The number of nodes are given by (n -2), that is number of radial node is 1 for 3p orbital, two for 4p orbital and so on.

For l = 2, the orbital is known as d-orbital and the minimum value of principal quantum number (n) has to be 3 as the value of l cannot be greater than n-1. There are five m; values (-2, -1, 0, +1 and +2) for l = 2 and thus there are five d orbitals. The five d-orbitals are designated as d_{xy}, d_{yz}, d_{xz}, d_{x²-y²} and d_{z²}. The shapes of the first fourd-orbitals are similarto each other, where as that of the fifth one, d_{z²}, is different from others, but all five 3d orbitals are equivalent in energy. The d orbitals for which n is greater than 3 (4d, 5d…) also have shapes similar to 3d orbital, but differ in energy and size.

Besides the radial nodes (i.e., probability density function is zero), the probability density functions for the np and nd orbitals are zero at the plane (s), passing through the nucleus (origin). For example, in case of p_{z} orbital, xy-plane is a nodal plane, in case of d_{xy} orbital, there are two nodal planes passing through the origin and bisecting the xy plane containing z-axis. These are called angular nodes and number of angular nodes are given by T, i.e., one angular node for p orbitals, two angular nodes for cf orbitals and so on. The total number of nodes are given by (n-1), i.e., sum of I angular nodes and (n-l-1) radial nodes.

Energies Of Orbitals

The order of energy of orbitals in single electron sys-tem are given below:

1s < 2s = 2p < 3s = 3p = 3d < 4s = 4p = 4d = 4f The orbitals having same energy are called degenerate.

Filling Of Orbitals In Atom

Aufbau principle: According to this principle in the ground state of an atom, an electron will occupy the orbital of lowest energy and orbitals are occupied by electrons in the order of increasing energy.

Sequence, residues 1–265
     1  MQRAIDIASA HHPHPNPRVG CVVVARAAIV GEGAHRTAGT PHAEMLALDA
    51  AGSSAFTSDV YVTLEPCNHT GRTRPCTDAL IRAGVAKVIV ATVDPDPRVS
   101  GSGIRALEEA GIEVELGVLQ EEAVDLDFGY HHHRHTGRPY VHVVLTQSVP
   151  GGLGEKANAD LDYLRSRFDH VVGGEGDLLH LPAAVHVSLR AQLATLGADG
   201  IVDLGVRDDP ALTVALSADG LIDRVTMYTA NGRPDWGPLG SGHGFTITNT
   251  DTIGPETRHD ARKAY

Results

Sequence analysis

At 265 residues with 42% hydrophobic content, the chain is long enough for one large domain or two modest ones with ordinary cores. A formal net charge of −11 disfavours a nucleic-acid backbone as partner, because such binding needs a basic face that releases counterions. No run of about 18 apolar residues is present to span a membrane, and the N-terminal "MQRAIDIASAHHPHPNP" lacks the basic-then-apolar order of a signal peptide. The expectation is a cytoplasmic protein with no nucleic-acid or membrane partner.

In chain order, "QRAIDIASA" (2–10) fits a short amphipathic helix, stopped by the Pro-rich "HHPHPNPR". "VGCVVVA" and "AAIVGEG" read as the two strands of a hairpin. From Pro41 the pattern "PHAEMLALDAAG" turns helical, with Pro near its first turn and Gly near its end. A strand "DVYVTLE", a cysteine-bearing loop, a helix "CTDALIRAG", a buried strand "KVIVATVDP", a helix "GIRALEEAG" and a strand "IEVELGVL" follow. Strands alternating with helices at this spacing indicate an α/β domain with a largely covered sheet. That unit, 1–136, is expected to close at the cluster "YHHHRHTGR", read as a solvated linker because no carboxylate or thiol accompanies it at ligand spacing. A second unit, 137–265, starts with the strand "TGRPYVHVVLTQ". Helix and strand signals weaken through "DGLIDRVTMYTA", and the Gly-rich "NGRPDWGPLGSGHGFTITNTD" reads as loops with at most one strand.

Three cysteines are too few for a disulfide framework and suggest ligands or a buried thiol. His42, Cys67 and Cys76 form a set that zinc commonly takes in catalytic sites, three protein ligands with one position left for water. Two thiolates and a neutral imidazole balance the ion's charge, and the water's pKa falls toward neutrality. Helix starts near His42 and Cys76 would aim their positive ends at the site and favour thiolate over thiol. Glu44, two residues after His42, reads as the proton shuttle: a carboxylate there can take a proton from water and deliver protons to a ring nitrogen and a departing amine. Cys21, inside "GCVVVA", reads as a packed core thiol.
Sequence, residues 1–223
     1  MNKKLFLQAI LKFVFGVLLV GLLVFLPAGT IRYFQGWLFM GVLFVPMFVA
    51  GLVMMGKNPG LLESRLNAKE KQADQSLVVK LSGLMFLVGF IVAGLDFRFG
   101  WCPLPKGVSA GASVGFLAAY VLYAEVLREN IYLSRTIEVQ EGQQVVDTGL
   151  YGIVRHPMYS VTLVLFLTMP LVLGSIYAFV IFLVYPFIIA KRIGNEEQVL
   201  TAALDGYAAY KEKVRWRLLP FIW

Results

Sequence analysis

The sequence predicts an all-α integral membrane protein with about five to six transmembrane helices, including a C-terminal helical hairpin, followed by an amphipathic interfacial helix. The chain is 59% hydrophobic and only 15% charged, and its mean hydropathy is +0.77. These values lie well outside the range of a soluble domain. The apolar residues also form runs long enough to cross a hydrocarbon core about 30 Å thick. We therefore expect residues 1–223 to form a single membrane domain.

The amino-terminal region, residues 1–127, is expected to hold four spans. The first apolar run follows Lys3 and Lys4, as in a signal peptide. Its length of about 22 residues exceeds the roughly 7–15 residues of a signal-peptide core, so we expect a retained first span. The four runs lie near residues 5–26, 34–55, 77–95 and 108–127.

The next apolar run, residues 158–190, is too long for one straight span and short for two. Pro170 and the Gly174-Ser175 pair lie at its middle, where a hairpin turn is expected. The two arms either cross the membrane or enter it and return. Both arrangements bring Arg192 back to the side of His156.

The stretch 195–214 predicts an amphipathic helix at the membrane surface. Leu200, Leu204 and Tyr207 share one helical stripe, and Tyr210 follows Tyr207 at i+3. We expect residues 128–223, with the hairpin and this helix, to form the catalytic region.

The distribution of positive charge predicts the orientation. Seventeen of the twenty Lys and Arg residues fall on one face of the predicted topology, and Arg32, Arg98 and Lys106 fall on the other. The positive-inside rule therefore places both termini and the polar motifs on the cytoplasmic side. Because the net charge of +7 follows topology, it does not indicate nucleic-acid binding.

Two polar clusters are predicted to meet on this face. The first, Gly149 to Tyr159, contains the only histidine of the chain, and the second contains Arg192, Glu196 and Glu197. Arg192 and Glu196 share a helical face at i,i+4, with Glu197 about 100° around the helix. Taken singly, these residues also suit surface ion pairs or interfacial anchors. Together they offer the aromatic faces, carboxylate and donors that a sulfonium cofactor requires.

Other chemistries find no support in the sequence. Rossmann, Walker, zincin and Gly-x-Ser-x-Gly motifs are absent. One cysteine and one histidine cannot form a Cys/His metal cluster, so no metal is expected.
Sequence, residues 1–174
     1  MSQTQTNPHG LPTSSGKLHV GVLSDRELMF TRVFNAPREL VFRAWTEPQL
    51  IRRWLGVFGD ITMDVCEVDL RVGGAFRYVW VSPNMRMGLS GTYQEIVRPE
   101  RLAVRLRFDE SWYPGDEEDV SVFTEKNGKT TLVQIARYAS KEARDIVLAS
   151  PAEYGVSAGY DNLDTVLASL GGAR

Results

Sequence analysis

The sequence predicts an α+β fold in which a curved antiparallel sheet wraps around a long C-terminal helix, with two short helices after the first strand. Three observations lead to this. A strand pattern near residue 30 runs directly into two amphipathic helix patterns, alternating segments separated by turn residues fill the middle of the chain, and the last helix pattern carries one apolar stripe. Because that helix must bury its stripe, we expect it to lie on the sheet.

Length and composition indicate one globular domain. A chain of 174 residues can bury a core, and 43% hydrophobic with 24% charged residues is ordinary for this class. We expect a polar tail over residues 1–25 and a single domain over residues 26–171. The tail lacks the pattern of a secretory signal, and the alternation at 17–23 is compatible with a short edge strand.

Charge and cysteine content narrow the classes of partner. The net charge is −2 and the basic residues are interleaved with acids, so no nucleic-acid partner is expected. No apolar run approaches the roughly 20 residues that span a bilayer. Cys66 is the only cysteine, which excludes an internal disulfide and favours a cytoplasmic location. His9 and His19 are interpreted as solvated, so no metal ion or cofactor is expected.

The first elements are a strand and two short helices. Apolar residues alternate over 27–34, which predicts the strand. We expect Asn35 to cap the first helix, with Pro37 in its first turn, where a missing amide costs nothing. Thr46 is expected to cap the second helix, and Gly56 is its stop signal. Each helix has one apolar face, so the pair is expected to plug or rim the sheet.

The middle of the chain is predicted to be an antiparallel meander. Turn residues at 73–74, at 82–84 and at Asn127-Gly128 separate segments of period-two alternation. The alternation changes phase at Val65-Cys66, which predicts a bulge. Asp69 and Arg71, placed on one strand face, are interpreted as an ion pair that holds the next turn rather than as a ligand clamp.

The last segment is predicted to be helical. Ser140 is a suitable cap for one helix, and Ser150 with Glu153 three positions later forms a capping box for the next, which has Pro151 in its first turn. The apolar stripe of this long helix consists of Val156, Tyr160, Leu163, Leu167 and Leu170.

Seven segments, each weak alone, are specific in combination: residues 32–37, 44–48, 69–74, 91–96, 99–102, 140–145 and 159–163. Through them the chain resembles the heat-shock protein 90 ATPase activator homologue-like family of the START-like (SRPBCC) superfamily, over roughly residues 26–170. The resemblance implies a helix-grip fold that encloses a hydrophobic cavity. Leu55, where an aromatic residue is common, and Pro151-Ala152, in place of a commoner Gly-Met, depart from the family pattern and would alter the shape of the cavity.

Pauli’s exclusiohn principle : Pauli’s exclusion principle states that ‘no two electrons in an atom can have the same values for all the four quantum numbers’

Since the electrons in an orbital must have the same n, I and m quantum numbers, if follows that an orbital can contain a maximum of two electrons provided their spin quantum numbers are different. This is an important consequence of Pauli’s exclusion principle which says that an orbital can have maximum two electrons and these must have opposite spins.

Hund’s rule of maximum multiplicity :

This rule states that electron pairing in orbitals of same energy will not take place until each available orbital of a given subshell is singly occupied (with parallel spin).

The rule can be illustrated by taking the example of carbon atom. The atomic number of carbon is 6 and its electronic configuration is 1s²2s²2p². The two electrons of the 2p subshell can be distributed in the following three ways.

According to Hund’s rule, the configuration in which the two unpaired electron occupying 2px, and 2py orbitals with parallel spin is the correct configuration of carbon.

Exceptional configurations of chromium and copper

The electronic configuration of Cr (atomic number 24) is expected to be [Ar] 4s² 3d^{4}, but the actual configuration is [Ar] 4s¹ 3d^{5}. Similarly, the actual configuration of Cu (At. No. 29) is [Ar] 4s¹ 3d^{10} instead of the expected configuration [Ar] 4s² 3d^{9}.

This is because of the fact that exactly half filled or completely filled orbitals (i.e., d^{5}, d^{10}, f^{7}, f^{14}) have lower energy and hence have extra stability.

## Plus One Botany Chapter Wise Questions and Answers Chapter 1 Biological Classification

Students can Download Chapter 1 Biological Classification Questions and Answers, Plus One Botany Chapter Wise Questions and Answers helps you to revise the complete Kerala State Syllabus and score more marks in your examinations

## Kerala Plus One Botany Chapter Wise Questions and Answers Chapter 1 Biological Classification

### Plus One Botany Biological Classification One Mark Questions and Answers

**Plus One Botany Chapter Wise Questions And Answers Pdf Question 1.**

In Whit takers, five-kingdom classification eukaryotes are distributed among

(a) two kingdoms

(b) three kingdoms

(c) four kingdoms

(d) all the five kingdoms

Answer:

(c) four kingdoms

**Plus One Botany Chapter Wise Questions And Answers Question 2.**